Knox's answer is correct, but I wanted to elaborate a bit.
The price for an individual bond increases as interest rates decrease.
If you buy a bond that pays 5% at par (100), and next year a similar bond yields 3%, people will pay a premium if you sell the 5% bond (which varies based on a number of factors, but the bond would sell at a rate greater than 100), since you are yielding a higher interest rate. Conversely, if rates go up, that 5% bond will sell at a discounted rate (less than 100).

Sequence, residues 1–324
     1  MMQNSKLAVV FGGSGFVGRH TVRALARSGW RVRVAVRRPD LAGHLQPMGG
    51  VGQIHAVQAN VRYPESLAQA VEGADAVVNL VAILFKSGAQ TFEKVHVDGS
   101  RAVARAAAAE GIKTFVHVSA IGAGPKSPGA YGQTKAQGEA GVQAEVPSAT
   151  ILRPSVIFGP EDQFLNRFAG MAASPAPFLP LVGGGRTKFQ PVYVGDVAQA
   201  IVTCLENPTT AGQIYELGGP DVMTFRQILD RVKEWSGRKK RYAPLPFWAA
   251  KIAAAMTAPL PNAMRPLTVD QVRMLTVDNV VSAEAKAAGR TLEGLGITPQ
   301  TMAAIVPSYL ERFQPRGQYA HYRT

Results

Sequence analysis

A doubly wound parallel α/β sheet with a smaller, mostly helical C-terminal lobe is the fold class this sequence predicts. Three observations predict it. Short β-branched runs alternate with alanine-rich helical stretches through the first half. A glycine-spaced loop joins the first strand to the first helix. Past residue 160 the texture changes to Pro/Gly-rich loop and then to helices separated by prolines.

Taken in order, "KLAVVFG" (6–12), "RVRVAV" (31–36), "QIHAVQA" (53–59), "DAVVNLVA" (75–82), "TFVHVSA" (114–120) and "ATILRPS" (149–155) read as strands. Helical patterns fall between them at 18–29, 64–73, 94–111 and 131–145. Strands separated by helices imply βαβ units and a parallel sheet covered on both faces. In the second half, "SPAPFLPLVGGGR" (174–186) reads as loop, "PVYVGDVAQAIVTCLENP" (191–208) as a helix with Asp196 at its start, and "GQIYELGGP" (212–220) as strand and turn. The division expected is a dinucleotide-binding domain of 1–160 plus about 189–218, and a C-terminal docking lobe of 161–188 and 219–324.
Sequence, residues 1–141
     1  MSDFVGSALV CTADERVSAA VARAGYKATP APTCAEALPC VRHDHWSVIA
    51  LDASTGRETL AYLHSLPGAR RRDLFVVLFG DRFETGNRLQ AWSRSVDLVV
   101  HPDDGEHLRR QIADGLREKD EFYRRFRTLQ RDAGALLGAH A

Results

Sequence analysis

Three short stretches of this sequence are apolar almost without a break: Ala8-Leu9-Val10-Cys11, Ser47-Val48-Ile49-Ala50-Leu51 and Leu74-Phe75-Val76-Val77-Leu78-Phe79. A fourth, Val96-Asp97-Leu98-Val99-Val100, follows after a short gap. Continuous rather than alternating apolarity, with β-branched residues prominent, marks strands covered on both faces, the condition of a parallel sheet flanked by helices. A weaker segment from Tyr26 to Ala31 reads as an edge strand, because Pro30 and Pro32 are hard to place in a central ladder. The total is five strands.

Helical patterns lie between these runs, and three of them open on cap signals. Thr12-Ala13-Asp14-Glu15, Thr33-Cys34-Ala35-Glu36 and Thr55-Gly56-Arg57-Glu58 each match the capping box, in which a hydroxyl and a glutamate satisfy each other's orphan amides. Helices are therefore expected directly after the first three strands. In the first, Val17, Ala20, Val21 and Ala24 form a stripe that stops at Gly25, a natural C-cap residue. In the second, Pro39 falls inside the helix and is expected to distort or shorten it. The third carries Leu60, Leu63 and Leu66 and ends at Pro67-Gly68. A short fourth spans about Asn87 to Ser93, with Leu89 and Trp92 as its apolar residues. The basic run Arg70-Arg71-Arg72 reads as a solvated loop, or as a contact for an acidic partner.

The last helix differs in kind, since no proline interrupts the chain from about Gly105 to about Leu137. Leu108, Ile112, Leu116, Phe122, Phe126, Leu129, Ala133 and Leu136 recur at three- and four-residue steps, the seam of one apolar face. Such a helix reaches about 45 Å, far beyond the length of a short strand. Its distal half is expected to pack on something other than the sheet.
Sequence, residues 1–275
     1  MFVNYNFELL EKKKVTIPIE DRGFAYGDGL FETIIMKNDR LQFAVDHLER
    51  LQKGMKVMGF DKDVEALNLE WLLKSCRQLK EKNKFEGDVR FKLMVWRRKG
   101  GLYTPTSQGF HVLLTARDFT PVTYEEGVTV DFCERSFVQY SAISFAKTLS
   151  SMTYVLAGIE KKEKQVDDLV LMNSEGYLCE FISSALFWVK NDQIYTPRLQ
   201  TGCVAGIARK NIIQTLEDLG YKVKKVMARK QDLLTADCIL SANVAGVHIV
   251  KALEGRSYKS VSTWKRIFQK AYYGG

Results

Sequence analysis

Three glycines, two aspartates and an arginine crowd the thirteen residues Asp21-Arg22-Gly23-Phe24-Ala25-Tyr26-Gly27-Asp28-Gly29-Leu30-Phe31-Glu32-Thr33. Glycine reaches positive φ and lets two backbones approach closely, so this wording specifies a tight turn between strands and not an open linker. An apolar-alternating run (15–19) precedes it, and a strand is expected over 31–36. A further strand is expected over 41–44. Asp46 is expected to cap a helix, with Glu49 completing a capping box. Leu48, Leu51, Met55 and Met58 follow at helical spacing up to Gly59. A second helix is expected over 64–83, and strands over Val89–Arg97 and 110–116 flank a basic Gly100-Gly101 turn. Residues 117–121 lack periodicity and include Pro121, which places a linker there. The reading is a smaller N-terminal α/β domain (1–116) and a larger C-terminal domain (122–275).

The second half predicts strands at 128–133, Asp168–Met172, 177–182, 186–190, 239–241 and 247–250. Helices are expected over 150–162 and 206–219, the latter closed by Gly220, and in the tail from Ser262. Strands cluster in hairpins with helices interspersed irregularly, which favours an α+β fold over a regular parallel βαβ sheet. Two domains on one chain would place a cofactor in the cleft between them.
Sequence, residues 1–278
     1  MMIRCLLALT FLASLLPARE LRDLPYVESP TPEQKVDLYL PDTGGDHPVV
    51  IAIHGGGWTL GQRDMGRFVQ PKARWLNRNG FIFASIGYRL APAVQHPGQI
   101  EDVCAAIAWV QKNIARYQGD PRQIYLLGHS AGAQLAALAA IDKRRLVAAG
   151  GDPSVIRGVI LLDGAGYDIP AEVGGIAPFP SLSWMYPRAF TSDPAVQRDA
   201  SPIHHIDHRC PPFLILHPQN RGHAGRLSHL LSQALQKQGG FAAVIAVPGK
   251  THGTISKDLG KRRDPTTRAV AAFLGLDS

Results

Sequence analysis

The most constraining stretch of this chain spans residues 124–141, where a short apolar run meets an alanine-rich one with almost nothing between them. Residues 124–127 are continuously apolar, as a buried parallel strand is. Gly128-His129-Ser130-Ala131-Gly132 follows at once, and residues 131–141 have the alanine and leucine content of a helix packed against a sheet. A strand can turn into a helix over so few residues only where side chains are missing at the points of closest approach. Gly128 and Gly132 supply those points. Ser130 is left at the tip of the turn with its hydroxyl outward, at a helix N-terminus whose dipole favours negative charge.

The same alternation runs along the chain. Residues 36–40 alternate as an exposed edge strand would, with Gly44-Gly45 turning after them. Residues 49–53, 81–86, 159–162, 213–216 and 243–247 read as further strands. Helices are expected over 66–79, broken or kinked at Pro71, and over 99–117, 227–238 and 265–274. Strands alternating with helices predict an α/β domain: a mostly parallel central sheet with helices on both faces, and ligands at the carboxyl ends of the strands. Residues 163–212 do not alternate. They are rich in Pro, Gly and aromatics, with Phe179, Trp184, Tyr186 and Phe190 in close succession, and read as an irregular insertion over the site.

With VIPSX (the Vanguard TIPS fund you referenced), the fund's portfolio page has alot of useful information, including a listing of the specific bonds in the portfolio.
TIPS bonds are also a little unusual, because the inflation protection gets added to the principal -- so even if there isn't any inflation, the bonds prices will still fluctuate as rates rise and fall.